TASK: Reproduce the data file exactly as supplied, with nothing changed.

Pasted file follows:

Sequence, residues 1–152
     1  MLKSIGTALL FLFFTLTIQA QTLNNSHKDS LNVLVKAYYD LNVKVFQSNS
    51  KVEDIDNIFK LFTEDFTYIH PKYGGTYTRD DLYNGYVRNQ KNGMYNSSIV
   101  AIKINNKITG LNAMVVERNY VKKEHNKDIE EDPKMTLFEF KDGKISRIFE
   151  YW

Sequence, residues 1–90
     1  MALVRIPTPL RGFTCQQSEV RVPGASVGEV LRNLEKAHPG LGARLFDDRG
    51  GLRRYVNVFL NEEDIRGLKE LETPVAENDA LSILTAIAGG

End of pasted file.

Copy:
Sequence, residues 1–152
     1  MLKSIGTALL FLFFTLTIQA QTLNNSHKDS LNVLVKAYYD LNVKVFQSNS
    51  KVEDIDNIFK LFTEDFTYIH PKYGGTYTRD DLYNGYVRNQ KNGMYNSSIV
   101  AIKINNKITG LNAMVVERNY VKKEHNKDIE EDPKMTLFEF KDGKISRIFE
   151  YW

Sequence, residues 1–90
     1  MALVRIPTPL RGFTCQQSEV RVPGASVGEV LRNLEKAHPG LGARLFDDRG
    51  GLRRYVNVFL NEEDIRGLKE LETPVAENDA LSILTAIAGG